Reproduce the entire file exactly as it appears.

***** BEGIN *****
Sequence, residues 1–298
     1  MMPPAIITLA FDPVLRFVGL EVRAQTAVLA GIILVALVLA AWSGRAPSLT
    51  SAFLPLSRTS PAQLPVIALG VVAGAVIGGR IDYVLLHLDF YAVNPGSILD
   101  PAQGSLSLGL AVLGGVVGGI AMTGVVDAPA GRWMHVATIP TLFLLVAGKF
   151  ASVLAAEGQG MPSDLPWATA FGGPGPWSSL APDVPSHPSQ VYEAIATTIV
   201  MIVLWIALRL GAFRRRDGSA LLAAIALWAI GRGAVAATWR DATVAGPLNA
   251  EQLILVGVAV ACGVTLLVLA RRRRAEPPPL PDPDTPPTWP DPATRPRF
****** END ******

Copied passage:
Sequence, residues 1–298
     1  MMPPAIITLA FDPVLRFVGL EVRAQTAVLA GIILVALVLA AWSGRAPSLT
    51  SAFLPLSRTS PAQLPVIALG VVAGAVIGGR IDYVLLHLDF YAVNPGSILD
   101  PAQGSLSLGL AVLGGVVGGI AMTGVVDAPA GRWMHVATIP TLFLLVAGKF
   151  ASVLAAEGQG MPSDLPWATA FGGPGPWSSL APDVPSHPSQ VYEAIATTIV
   201  MIVLWIALRL GAFRRRDGSA LLAAIALWAI GRGAVAATWR DATVAGPLNA
   251  EQLILVGVAV ACGVTLLVLA RRRRAEPPPL PDPDTPPTWP DPATRPRF